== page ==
North Dakota's Voucher Program For Addiction Treatment Is Off To a Rocky Start

By Dorri Olds 09/09/16

The treatment program aims to provide residents access to addiction treatment facilities that are close to where they live. 

North Dakota's Voucher Program For Addiction Treatment Is Off To a Rocky Start

North Dakota recently launched a state-funded voucher program to treat addiction. The state voucher program was put into place on July 1, but currently only three providers have applied to take part: the Heartview Foundation in Bismarck, Sharehouse in Fargo, and one in Grand Forks which has yet to be approved.

“We certainly are hoping that providers will sign up and that individuals will access this voucher, so that they can get timely access to services,” Pam Sagness, director of the ND Behavioral Health Division, told Inforum.

The hope is that when residents are given access to a facility close to where they live, they’ll be more likely to stick with it long enough to get back on their feet. According to the American Psychological Association, one of the obstacles to getting addicts to stay off drugs is keeping them in treatment long enough to do the work required to get better and stay clean.

The ND Legislature allotted $750,000 to fund the voucher program for one year, but recently, Gov. Jack Dalrymple made budget cuts, reducing the program's funding to $375,000.

A 2016 report by the ND Office of the Attorney General states that the number of drug cases submitted to the state crime laboratory increased by 26% from 2013 to 2015. During the same time period, drug cases involving heroin increased by more than 400%, according to the report. From 2012 to 2015, adults reporting methamphetamine use went from 21% to 39%. 

The state Department of Corrections & Rehabilitation reports that the number of inmates with drug or alcohol offenses has more than doubled in the past five years, from 334 in 2011 to 779 in 2015. And in that time, the number of drug offenders under parole or probation supervision also rose from 1,306 in 2011 to 2,507 in 2015.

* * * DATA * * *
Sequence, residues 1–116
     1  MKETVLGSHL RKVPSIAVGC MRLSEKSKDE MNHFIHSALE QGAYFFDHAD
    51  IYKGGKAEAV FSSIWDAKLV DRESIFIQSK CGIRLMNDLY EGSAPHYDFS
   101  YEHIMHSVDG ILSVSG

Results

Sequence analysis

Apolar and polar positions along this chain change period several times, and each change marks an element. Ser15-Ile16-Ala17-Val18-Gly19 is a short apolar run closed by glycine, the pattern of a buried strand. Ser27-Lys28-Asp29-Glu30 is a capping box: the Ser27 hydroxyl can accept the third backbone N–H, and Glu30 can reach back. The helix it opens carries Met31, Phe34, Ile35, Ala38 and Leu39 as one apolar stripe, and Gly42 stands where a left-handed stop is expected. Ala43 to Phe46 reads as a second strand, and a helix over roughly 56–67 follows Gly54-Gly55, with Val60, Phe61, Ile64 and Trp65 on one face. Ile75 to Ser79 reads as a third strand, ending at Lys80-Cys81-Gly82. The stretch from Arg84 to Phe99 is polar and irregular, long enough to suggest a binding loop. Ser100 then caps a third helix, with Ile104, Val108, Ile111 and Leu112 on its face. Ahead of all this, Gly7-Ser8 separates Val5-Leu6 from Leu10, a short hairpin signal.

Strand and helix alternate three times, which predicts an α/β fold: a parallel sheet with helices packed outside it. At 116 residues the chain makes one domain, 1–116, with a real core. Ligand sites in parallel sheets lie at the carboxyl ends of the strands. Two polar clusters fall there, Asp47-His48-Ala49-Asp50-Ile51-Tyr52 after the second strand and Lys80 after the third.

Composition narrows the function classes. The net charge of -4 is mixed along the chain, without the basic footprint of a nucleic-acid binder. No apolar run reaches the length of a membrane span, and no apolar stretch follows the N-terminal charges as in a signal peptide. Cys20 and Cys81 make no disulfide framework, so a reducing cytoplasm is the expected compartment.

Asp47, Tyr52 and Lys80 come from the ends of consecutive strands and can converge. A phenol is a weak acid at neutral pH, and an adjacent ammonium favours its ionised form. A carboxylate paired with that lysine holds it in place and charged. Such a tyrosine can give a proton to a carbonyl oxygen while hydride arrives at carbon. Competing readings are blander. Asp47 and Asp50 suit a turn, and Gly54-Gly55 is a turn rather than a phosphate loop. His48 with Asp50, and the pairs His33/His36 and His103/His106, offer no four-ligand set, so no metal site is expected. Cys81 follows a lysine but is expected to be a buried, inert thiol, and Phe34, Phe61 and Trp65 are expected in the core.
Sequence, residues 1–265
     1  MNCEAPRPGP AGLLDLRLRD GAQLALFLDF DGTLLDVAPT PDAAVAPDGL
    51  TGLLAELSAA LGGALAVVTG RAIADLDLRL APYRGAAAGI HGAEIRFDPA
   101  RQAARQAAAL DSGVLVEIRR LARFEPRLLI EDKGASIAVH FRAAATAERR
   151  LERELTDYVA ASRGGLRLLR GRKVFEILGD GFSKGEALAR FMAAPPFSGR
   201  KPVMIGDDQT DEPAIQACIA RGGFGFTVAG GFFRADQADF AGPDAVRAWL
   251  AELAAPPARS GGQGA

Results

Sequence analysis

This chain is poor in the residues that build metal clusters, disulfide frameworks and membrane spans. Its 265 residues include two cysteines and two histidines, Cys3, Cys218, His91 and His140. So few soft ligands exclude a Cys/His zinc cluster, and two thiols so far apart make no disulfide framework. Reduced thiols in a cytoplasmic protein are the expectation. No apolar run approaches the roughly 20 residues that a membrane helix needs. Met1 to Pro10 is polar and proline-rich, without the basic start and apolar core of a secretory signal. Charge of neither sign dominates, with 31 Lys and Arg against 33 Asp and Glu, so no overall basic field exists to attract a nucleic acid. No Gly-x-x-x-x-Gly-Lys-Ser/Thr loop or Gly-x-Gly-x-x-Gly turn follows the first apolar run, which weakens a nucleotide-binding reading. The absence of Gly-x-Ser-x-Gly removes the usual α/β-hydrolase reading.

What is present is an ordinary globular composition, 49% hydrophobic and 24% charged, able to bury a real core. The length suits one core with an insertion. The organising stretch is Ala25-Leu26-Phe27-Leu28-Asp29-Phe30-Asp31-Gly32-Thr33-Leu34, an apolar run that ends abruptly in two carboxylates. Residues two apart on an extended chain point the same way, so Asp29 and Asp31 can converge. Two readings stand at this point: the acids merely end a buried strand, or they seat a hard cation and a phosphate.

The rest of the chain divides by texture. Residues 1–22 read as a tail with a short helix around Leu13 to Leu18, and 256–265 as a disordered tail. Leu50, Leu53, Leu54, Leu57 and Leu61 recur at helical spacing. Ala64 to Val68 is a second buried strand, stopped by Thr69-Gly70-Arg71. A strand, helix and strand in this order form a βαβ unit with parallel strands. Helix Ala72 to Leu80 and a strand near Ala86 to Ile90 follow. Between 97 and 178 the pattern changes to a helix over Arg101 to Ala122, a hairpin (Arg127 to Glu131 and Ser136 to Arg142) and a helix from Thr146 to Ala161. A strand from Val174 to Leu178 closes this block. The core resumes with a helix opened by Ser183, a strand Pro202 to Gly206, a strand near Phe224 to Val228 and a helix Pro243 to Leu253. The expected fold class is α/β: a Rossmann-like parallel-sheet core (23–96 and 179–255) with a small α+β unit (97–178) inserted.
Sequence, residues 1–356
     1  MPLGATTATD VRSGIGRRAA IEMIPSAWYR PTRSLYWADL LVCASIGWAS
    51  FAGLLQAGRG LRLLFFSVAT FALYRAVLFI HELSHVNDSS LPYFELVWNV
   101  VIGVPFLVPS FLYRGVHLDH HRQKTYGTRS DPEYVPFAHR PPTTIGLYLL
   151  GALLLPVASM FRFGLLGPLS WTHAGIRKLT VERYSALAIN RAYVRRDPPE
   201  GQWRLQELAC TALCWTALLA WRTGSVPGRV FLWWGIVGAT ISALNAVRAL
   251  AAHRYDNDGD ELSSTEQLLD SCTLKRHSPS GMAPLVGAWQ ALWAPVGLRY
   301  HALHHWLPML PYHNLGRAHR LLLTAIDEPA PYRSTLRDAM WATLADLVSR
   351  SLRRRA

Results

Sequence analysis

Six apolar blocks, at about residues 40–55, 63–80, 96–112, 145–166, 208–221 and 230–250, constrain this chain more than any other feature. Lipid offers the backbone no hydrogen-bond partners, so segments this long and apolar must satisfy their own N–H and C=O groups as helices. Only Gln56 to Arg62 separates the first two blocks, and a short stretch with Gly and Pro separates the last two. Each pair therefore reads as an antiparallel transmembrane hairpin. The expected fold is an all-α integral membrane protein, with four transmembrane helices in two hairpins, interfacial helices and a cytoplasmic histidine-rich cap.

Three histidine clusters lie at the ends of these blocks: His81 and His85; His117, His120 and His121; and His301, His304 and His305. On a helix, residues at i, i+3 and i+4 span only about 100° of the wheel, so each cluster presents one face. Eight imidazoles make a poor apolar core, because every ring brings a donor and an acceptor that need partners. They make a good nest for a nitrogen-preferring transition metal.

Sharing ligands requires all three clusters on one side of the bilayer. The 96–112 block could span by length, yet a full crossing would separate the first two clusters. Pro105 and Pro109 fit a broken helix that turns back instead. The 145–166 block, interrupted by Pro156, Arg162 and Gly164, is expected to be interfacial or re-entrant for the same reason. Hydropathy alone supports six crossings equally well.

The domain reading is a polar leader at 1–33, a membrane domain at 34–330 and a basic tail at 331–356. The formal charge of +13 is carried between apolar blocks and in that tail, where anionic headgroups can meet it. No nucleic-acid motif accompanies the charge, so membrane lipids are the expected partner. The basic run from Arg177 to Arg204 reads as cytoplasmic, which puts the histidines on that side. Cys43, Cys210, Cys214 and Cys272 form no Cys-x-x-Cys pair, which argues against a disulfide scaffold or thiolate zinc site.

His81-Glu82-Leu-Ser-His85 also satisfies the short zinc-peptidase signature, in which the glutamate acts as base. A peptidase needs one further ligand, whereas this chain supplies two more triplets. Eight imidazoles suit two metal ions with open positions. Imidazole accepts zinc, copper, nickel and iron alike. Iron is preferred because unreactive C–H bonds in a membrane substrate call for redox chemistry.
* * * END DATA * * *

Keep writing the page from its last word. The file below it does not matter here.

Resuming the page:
The report goes on to state that in the past five years, heroin and meth related drug violations have "skyrocketed." Meth violations have more than quintupled, from 246 in 2010 to 1,633 in 2015. Heroin violations increased from four to 177, a 4,300% increase.

Sagness has been working toward a solution. “Effective prevention isn’t saying what substance it is and then telling people not to do it,” she said. “Effective prevention is changing the environment around youth and around young adults to make it less appealing to use substances in general.”

North Dakota was the first state in the U.S. to offer a year-round prescription drug “take-back” disposal program, according to the AG report. From December 2009 through the middle of 2015, the take-back program collected 9,497 pounds of unused medications.

No patients have received their vouchers yet, but Heartview and Sharehouse will begin accepting patients this week, Inforum reported. Officials are hoping that through the voucher program, patients won’t have to wait as they did with state-funded regional human service centers. 

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Dorri Olds is an award-winning writer whose work has appeared in many publications including The New York Times, Marie Claire, Woman’s Day and several book anthologies. Find Dorri on Twitter, Facebook, and LinkedIn.